Air-Source Heat Pumps

Air-Source Heat Pumps

Understanding Air-Source Heat Pumps

Air-source heat pumps work by drawing heat from the air outside during the heating season and rejecting the heat outside in the summer cooling season.

The air-to-air pump is the most common. It works by extracting heat from the air and then transferring it either outside or inside your home depending on what season it is.

The other type of air-source heat pump is the air-to-water pump. It is commonly used in homes that have hydronic systems for heat distribution and is not common in Ontario.

Ductless mini-split heat pumps have been recently introduced to the Canadian market. The heat pumps are perfect for retrofit homes that have either electric resistance or hydronic baseboard heating. They are free-air delivery, wall-mounted units installed in the individual rooms of a house. A single outdoor section can serve as many as 8 individual indoor wall-mounted units.

Air-source heat pumps are usually bivalent, all-electric, or add-on. The add-on heat pumps have been designed to be used with an additional source of supplementary heat like an electric, oil, natural gas, or propane furnaces. All-electric air-source heat pumps have their own individual supplementary heating system, which is basically an electric-resistance heater. The bivalent air-source heat pumps are a special variety that have been developed in Canada and uses either a propane or gas fired burner to increase the temperature of the air that enters the outdoor coil. This is what makes it possible for the units to function even when the outdoor temperatures are low.

 

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How Do Air-Source Heat Pumps Work?

Air-source heat pumps have 3 cycles, namely: the heating cycle, cooling cycle, and defrost cycle.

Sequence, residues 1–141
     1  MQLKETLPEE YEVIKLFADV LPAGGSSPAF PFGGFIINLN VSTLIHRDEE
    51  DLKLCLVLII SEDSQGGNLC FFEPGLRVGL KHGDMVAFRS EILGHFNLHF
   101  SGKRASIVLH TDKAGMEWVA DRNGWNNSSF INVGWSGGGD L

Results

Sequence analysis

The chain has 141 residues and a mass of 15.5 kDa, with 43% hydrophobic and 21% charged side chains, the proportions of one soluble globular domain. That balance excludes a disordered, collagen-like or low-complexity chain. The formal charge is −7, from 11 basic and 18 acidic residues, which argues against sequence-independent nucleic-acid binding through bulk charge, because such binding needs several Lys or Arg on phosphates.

1. Heating Cycle

The heating cycle is where heat is taken from the outdoor air and subsequently “pumped” indoors.

The expansion device is where the liquid refrigerant first passes and changes to a low-pressure liquid/vapor mixture. It then moves to the outdoor coil that serves as the evaporator coil. The heat from the outdoor air is absorbed by the liquid refrigerant, which boils and becomes a low-temperature vapor.

The vapor then moves to the accumulator via the reversing valve, which then collects all the liquid that remains before the entry of the vapor into the compressor. The vapor is subsequently compressed, which reduces its volume and causes it to heat up.

The reversing valve finally sends the now hot gas to the indoor coil, which acts as the condenser during the winter cycle. Heat from the hot gas is then transferred to the indoor air, using the furnace fan, which then causes the refrigerant to condense back into liquid form. The liquid then returns to the expansion device where the cycle is repeated. You will find the indoor coil close to the furnace, in the duct-work.

The outdoor temperature is what determines the ability of the heat pump to transfer heat indoors from the outside air. As the temperature decreases, the heat pump’s ability to absorb the heat also reduces. Water source heat pumps, on the other hand, are not affected by lowering outdoor temperatures, because they utilize water from a well which remains at a constant temprature, regardless of the outdoor temperature fluctuation.

The heating capacity of the heat pump at the outdoor ambient temperature balance point is equal to the house’s heat loss.

The heat pump is only able to supply part of the heat needed to ensure that the living space stays comfortable, and supplementary heat is needed if it drops below the outdoor ambient temperature. Normally this is around -10 degrees Celsius in Southeastern Ontario.

If the heat pump operates in the heating mode in the absence of any supplementary heat, the air that leaves it will be cooler than that heated by a regular furnace. The temperature that furnaces usually deliver air to the living space at is between 55°C and 60°C. Heat pumps sometimes provide air in greater quantities at between 25°C and 45°C and usually operate for extended periods.